Things look different over in Greendale — and not just because ousted showrunner and creator Dan Harmon is back on the scene, but because things are different. In a new trailer for Community Season 5, the students of GCC talk shop on the "reestablishing" re-pilot premiere episode of the super-zeitgeisty, super-niche series. Which is to say: do not expect the Community you once knew. Not even that weird version somebody slapped together and called season four. It's a whole new Greendale Community College out there, and things are bound to get polarizing. And likely very strange.
Which means the already put-through-the-ringer series is going to get, well, put through the ringer once more. But hopefully for the win — at least that's the hope. We know this much to be true thus far: season five picks up a year after last season, with Jeff Winger's idealist law career shot to shit, forcing him to return to Greendale as a law professor. And it seems as though the whole gang has reenrolled at the school via some unknown throughline (perhaps the darkest timeline?) of logic.
But what's most interesting is the impetus behind the seemingly large-scale change. "The goal is for this to be a repilot," explains Yvette Nicole Brown. "If you've never seen the show before, you could jump in at this season five, episode one."
"The first episode is really all about reestablishing why all here at Greendale trying to bring the gang back together," echoed Gillian Jacobs. And, it seems, widening its audience.
Community has long been a beloved, but redheaded stepchild in the world of NBC's Thursday Night comedy offerings. Its audience was young and devoted, and its writing hard to break into if you weren't in on the joke from second one, making it tough to grow the audience. None too surprising considering the peacock's penchant for enjoyable and/or off-beat humor that doesn't always bring in ratings (see: 30 Rock, Parks and Recreation, Community, Up All Night, Best Friends Forever) which in turns causes the brass to doubt themselves and the viability of the often critically beloved series.
But this season of Community promises comedy of a slightly broader, more accessible sort — at least so says the oft-outspoken Joel McHale, who championed Harmon's return to the series following that middling-at-best season four. Which was undoubtedly a good thing, but Harmon's insecurity around those studio execs is notorious. Just last month while doing the rounds for his Adult Swim series Rick and Morty , the showrunner and creator spoke on just how deep his issues with those looming and string-pulling authority figures actually go.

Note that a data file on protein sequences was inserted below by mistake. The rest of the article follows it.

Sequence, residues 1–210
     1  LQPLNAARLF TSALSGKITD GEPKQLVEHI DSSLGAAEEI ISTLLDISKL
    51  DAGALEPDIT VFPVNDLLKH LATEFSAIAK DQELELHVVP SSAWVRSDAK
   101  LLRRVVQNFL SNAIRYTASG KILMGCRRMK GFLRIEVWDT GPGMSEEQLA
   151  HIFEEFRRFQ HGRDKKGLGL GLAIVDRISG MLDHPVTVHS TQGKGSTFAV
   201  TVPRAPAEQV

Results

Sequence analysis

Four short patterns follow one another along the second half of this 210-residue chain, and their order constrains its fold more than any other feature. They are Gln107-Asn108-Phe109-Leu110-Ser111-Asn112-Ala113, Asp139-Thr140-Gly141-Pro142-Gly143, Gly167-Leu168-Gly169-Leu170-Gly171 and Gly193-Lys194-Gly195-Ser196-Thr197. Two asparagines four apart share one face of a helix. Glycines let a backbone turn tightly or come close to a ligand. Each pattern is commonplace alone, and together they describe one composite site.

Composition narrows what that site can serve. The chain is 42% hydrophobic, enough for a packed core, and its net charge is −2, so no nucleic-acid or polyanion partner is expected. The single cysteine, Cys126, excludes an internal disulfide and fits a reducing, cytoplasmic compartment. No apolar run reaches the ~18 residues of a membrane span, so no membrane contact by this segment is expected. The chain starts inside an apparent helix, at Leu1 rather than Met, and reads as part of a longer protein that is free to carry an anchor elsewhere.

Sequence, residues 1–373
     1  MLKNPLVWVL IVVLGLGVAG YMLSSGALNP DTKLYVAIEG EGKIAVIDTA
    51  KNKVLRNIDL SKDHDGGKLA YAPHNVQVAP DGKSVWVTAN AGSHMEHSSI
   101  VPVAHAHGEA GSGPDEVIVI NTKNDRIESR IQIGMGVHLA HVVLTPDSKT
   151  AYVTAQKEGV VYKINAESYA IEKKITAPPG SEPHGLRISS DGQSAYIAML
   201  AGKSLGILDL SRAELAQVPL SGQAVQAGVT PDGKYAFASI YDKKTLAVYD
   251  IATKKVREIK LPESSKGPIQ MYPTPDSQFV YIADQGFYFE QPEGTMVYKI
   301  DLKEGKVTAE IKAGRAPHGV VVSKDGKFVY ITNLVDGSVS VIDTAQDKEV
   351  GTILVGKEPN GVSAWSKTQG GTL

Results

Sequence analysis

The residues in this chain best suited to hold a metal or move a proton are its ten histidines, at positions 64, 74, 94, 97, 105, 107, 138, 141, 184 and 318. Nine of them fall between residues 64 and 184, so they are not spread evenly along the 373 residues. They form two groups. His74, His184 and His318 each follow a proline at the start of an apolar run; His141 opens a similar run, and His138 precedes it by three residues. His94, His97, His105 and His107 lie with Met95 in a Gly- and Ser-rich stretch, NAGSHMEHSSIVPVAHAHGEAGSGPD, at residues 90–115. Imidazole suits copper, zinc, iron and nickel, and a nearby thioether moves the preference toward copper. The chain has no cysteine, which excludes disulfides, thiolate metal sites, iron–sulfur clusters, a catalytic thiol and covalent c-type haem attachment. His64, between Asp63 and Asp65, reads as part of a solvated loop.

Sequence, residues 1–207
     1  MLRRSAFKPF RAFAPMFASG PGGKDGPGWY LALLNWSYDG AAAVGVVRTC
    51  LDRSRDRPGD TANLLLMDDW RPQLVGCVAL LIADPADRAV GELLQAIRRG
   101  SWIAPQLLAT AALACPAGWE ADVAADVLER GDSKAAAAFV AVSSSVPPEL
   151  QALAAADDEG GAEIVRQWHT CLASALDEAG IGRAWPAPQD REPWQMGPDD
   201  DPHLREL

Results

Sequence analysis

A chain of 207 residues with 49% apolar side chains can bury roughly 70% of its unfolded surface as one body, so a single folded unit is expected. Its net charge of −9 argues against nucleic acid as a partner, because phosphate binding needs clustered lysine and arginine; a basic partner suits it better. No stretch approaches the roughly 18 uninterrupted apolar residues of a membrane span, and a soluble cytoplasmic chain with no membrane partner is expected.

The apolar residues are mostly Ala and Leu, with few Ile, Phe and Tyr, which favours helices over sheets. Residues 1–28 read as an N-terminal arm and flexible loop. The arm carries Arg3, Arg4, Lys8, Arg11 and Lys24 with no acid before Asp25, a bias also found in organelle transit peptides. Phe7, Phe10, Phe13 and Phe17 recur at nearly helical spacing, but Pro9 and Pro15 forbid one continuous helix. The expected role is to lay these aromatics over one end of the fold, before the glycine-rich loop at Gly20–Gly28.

"[The Adult Swim process] was a crazy experience for me because it made me realize what I had already become in just a few short years of doing network," Harmon says. "[I was] mitigating and compromising on all these things, talking to Justin, Justin pushing back. And I remember thinking and feeling like, 'Eh, don't push back that much.' I gained so much respect for both Lazzo and Justin because Justin on one hand was like, 'Yeah, but I really believe in this.' I wouldn't have because I would have been insecure."
What remains to be seen is not whether or not this change will bring new life to the series, but whether or not its something Harmon vouched for or was forced to explore as a condition of his return. Still, while no one would necessarily argue that studio decisions are the best creative decisions, going back to the drawing board on Community's structure might be a blessing in disguise.
Following a season that was largely panned and under-watched by a fan base who'd all but given up hope, the series was in need of a little tenderness, some showrunner coddling, and a whole slew of rejiggers. By capitalizing on the publicity that comes with the still-looming shadow of the "NBC Versus Harmon Battle Fiasco of 2012" to relaunch a fresh-paged Community, the series may just find the sweet spot its been so desperately searching for these past four seasons. Or at least bring it one step closer to #sixseasonsandamovie.